The BVI also expects to become a major force in the world of aviation finance and aircraft registration after the introduction of legislation designed to facilitate these activities.

The laws the Mortgaging of Aircraft and Aircraft Engines Act, 2011, and the Mortgaging of Aircraft and Aircraft Engines Regulations, 2012 have now entered into force and will enable aircraft operators to register ownership of aircraft and aircraft engines in the British Virgin Islands under three separate registries, for aircraft, their engines, and their mortgages.

Lending institutions require that entities demonstrate legal ownership of assets before providing financing, to achieve legal certainty that they may retain a debtor's assets in the case of a credit default. The new law will enable local operators to register ownership of aircraft and aircraft engines unlocking credit opportunities for fleet expansion.

While the British Virgin Islands has been operating in the aviation sphere for several decades, the territory until lately has been known only as a tax-efficient aircraft holding company domicile, and less than a handful of aircraft have been registered with the islands' Aircraft Register.

However, in 2011 the government progressed plans to develop the local registry, and in June that year the aforementioned legislation was approved by the jurisdiction's legislative assembly, in recognition that in order to secure business from international operators the islands needed a supportive regulatory environment.

The government anticipates that following the entry into force of the legislation, on October 15, 2012, the BVI will be able to leverage its position as a holding company domicile to lure international operators to register their aircraft and engines in the BVI. Similar legislation has long been in place in Bermuda and the Cayman Islands.


Regulation

The Financial Services Commission Act, 2001, enacted in December 2001, established the British Virgin Islands Financial Services Commission as an autonomous regulatory authority responsible for the regulation, supervision and inspection of all financial services in and from within the BVI. Such services include insurance, banking, trustee business, company management, mutual funds business as well as the registration of companies, limited partnerships, intellectual property and ships. As a result, the Commission now oversees all regulatory responsibilities previously handled by the government through the Financial Services Department. The Commission has also been tasked with new responsibilities including promoting public understanding of the financial system and its products, policing the “perimeter” of regulated activity, reducing financial crime and preventing market abuse.

The establishment of the Commission also ensures a commitment by the BVI to play its part in the fight against cross border white collar crime while safeguarding the privacy and confidentiality of legitimate business transactions.

Indeed, regulation and transparency has been high on the agenda for the BVI authorities both last year and in 2013. For instance, on June 20, 2012, the United Nations (UN) Convention against Transnational Organised Crime (also known as the Palermo Convention) and the UN International Convention for the Suppression of the Financing of Terrorism (the Terrorist Financing Convention) came into force in the BVI.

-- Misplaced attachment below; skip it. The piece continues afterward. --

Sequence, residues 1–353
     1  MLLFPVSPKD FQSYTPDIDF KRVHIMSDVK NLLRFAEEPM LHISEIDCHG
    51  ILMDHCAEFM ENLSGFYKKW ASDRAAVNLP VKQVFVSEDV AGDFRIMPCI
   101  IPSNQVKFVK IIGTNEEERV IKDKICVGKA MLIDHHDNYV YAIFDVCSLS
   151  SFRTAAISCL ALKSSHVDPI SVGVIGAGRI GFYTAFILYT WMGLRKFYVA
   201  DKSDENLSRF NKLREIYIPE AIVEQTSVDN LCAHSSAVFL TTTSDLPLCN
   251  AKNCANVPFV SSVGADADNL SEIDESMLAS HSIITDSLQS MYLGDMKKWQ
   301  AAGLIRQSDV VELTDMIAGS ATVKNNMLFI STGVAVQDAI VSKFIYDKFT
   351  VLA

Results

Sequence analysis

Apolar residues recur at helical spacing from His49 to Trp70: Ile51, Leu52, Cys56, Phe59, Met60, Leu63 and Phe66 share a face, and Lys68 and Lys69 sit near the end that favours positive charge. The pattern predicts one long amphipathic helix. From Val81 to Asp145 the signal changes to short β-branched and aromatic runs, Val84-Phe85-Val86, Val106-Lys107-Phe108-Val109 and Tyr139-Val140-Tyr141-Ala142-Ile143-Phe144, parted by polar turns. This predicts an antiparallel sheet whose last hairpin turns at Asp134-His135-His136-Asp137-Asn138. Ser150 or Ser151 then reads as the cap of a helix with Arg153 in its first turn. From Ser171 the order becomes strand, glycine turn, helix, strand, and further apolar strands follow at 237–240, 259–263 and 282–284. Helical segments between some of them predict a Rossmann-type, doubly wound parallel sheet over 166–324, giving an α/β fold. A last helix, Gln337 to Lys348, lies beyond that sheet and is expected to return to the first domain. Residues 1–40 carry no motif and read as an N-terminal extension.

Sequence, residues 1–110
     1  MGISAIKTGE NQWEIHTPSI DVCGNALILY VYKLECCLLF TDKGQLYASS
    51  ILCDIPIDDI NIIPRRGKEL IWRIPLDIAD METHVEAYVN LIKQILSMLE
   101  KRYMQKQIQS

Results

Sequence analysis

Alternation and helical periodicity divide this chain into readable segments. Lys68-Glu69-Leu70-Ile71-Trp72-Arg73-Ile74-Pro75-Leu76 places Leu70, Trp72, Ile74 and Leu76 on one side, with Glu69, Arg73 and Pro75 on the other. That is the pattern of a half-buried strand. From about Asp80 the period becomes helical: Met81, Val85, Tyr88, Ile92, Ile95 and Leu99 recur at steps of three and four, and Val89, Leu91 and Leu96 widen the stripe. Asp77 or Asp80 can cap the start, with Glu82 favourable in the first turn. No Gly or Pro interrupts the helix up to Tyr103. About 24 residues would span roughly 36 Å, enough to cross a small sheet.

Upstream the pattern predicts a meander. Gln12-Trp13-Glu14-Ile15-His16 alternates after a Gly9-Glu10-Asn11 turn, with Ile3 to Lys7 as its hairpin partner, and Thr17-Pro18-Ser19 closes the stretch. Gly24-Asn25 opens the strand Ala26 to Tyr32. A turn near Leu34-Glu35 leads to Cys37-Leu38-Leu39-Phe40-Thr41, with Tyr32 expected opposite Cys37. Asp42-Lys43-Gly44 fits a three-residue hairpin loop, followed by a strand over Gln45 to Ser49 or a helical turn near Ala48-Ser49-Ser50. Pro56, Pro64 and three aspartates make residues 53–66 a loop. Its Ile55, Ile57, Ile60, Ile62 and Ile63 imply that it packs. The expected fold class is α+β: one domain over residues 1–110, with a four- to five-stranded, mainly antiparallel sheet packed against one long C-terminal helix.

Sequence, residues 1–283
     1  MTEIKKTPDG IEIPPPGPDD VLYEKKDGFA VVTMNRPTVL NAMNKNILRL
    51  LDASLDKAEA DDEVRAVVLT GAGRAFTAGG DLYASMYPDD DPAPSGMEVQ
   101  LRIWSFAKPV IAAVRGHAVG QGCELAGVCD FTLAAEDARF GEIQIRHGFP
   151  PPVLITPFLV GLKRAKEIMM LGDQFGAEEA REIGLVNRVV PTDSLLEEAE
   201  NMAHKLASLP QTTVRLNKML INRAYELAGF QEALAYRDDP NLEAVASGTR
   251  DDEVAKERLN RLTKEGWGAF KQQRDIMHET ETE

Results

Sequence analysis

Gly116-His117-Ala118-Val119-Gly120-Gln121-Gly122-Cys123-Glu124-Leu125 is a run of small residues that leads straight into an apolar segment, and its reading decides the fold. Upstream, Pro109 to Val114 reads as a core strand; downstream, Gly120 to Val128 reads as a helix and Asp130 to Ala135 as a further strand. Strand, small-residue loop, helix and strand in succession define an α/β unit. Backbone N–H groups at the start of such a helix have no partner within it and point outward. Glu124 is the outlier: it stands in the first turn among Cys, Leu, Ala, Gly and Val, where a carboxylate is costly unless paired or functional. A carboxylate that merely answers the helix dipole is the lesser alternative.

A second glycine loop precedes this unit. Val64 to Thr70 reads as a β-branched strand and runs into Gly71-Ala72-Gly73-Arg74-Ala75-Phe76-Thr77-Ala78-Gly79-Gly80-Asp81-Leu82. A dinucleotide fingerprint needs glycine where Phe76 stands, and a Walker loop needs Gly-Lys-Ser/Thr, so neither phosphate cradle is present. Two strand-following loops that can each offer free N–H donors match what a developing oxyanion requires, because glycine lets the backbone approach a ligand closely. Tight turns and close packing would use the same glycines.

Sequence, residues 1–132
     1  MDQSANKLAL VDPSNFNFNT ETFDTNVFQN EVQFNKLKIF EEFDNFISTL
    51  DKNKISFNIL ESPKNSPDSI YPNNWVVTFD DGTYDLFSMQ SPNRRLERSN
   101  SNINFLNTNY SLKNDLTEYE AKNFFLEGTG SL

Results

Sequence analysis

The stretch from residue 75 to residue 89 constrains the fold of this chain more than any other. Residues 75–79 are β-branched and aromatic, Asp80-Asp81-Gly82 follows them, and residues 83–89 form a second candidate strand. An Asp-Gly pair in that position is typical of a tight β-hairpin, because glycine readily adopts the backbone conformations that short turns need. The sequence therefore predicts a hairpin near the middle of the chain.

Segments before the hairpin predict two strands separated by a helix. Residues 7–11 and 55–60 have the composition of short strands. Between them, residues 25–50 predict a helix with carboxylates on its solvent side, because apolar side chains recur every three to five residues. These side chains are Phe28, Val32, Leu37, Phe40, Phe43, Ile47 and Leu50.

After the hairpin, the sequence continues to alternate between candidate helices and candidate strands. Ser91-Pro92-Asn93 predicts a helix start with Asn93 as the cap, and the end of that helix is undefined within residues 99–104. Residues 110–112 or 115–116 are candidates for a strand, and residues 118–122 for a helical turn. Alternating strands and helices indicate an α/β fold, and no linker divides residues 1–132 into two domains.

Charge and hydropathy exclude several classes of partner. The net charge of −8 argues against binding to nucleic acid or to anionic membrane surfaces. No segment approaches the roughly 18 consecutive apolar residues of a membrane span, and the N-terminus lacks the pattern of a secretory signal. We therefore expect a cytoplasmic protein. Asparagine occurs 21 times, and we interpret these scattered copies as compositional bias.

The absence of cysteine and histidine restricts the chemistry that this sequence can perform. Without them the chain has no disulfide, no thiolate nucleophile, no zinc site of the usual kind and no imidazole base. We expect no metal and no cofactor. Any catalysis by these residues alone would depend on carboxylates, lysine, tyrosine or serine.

To mark this event, BVI Premier and Minister of Finance, Dr. Orlando Smith, made an announcement to emphasize that the government is taking a “zero tolerance” approach to crime and terrorist financing. “With both conventions being extended to the BVI, we can continue to speak highly of our reputation as a compliant jurisdiction in the areas of border security, financial services and international cooperation,” Smith said. “Keeping up with international standards is key in participating in the global economy.”

Prior to the extension of the two conventions, the BVI had already incorporated the requirements of the conventions as acknowledged in the Territory's 2008 Mutual Evaluation Report by the Caribbean Financial Action Task Force (FATF), the international standard-setting body on money laundering and terrorist financing issues. Premier Smith further stated: “With the extension of the two conventions, the BVI is now in compliance with the recommendation of the FATF.”

The Palermo Convention requires a commitment against all forms of organised crime, including money laundering and corruption. The convention's supporting protocols also call for the prevention of human trafficking and smuggling, and the illicit manufacturing and trafficking of firearms.

The Terrorist Financing Convention requires the territory to maintain its actions in the prevention of the financing of terrorists and terrorist organisations, illicit arms trafficking, drug dealing and racketeering and the exploitation of persons for purposes of funding terrorist activities. Director of the International Affairs Secretariat, Elise Donovan, echoed the Premier, commenting: “Compliance is critical to the continued success of the financial services sector. The Convention will indeed encourage further growth so that the BVI can be recognised as a globally integrated financial centre.”

Regarding the Palermo Convention, she added that: “This further strengthens our efforts in international cooperation in the fight against money laundering and terrorist financing. The BVI strives to maintain its commitment to its international obligations and is always eager to demonstrate to the world our ability and willingness to cooperate. The Palermo Convention signals our compliance with international standards to all our stakeholders worldwide.”

With tax and corporate transparency topping the agenda at the G8 Summit in Northern Ireland in June 2013, the responsibility of IOFCs to ensure compliance with the latest international standards has intensified to new levels. In response to this, and in common with some of the UK’s other dependent territories which also happen to be classed as IOFCs, the BVI Government issued on July 5, 2013 an action plan to prevent the misuse of legal persons and legal arrangements through the use of tax information exchange agreements (TIEAs), alongside other measures.